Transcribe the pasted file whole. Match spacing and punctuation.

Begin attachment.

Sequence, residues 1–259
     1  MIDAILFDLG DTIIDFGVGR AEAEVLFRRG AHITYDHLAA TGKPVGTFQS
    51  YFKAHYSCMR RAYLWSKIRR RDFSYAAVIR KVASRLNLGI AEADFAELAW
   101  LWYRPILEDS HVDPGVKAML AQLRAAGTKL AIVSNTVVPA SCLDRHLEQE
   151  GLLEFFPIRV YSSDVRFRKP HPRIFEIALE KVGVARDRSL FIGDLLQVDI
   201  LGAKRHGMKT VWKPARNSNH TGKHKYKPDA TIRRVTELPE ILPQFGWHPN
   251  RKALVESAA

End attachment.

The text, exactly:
Sequence, residues 1–259
     1  MIDAILFDLG DTIIDFGVGR AEAEVLFRRG AHITYDHLAA TGKPVGTFQS
    51  YFKAHYSCMR RAYLWSKIRR RDFSYAAVIR KVASRLNLGI AEADFAELAW
   101  LWYRPILEDS HVDPGVKAML AQLRAAGTKL AIVSNTVVPA SCLDRHLEQE
   151  GLLEFFPIRV YSSDVRFRKP HPRIFEIALE KVGVARDRSL FIGDLLQVDI
   201  LGAKRHGMKT VWKPARNSNH TGKHKYKPDA TIRRVTELPE ILPQFGWHPN
   251  RKALVESAA